Omaha doctor's rare case of Ataxia

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OMAHA, Neb. (WOWT) -- A Methodist Health doctor is battling Ataxia. She was diagnosed when she was just 21, but her symptoms remained dormant for 20 years.

"It's scary, even though you know it's going to happen. It's still scary," said Dr. Linda Snider, a Diagnostic Radiologist.

Dr. Snider's fight with Ataxia began 34-years-ago. Her father was diagnosed with the disease when she was just 10-years-old.

"He was in a wheelchair by the time I was in college," she said.

There are many types of Ataxia, but her fathers was genetic.

"I had a 50/50 chance of inheriting it, which I did," Dr. Snider said.

She was 21-years-old. She was just getting ready to start medical school at Creighton when she tested positive. At this point, she made some very tough life decisions.

"Deciding you're not having kids at 21 is hard..." she said through tears.

Dr. Snider made other life decisions based on her diagnosis. In part, she chose her career as a Radiologist because she was told she would be in a wheelchair by the age of 40.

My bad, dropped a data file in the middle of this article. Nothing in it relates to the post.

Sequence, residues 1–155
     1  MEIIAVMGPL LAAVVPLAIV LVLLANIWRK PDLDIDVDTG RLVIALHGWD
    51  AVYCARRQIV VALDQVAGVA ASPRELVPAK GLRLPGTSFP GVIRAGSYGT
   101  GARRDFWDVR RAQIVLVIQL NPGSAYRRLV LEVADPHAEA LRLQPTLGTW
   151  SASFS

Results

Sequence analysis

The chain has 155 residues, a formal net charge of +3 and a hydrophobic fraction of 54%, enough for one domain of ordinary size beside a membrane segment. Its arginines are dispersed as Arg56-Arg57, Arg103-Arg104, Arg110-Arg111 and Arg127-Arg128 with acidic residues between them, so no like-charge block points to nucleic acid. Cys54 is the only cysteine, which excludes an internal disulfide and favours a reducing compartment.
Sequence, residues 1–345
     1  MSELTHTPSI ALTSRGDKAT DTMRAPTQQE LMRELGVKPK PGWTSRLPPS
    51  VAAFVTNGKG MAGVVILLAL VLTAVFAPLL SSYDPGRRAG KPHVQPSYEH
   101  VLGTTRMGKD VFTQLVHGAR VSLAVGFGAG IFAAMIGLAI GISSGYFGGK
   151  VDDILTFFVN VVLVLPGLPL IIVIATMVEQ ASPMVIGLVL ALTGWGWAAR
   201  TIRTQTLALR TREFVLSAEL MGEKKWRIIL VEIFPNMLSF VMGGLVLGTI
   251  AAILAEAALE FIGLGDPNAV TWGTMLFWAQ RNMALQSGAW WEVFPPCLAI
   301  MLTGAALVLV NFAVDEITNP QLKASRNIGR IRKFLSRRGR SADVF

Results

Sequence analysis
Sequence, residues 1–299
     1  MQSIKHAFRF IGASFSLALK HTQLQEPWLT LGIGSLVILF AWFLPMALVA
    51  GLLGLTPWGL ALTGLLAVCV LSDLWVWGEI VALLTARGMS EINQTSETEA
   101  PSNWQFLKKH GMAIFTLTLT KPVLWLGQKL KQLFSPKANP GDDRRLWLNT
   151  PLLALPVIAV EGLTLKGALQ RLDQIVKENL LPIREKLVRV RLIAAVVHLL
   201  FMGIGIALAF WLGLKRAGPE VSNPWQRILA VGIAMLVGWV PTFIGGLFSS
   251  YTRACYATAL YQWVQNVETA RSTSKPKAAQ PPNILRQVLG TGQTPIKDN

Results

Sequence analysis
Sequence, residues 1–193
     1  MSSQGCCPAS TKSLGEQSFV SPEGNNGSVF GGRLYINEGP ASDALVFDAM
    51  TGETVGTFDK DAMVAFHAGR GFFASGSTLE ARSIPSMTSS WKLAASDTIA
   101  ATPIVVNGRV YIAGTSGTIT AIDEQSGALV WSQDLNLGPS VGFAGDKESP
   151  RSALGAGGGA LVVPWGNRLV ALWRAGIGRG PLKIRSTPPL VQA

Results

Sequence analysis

But she is not; Her symptoms remained dormant for close to 20 years.

"A lot of my free time now is spent trying to keep myself healthy," she said.

The main symptoms of Ataxia: poor coordination, slurred speech, unsteady gait.

Dr. Snider demonstrated for our cameras how tough it is to simply walk a straight line. But once again, she is a fighter. She got a vest called Balance Wear.It has weights inside of it that help her walk that straight line.

"With the vest on I'm not normal but much better," she said.

The difference is remarkable. She showed us how much better she could walk by wearing the vest.

It is one reason why Dr. Snider created the Nebraska Ataxia organization. She is holding a fundraiser later this month to help provide vests, wheelchairs, and other forms of medical therapy for those dealing with the disease.

As far as her life, Dr. Snider still scuba dives. She also loves to travel. She told WOWT 6 News, she pics countries she has to walk in a lot because she knows one day she will be in a wheelchair.

But for now, healthy eating, exercise, and massage therapy have helped her make remarkable progress.

"I'm actually better now than I was 6 months ago. I decided about 6-8 months ago to take control of my health," she said.

Her zest for life is shared by her boyfriend, Mark Sidwell. They met when Linda was just 12.

"I'm the happiest that I've ever been and madly in love and it's wonderful to have somebody support you," she said.

The fundraiser for Nebraska Ataxia organization is coming up September 24th.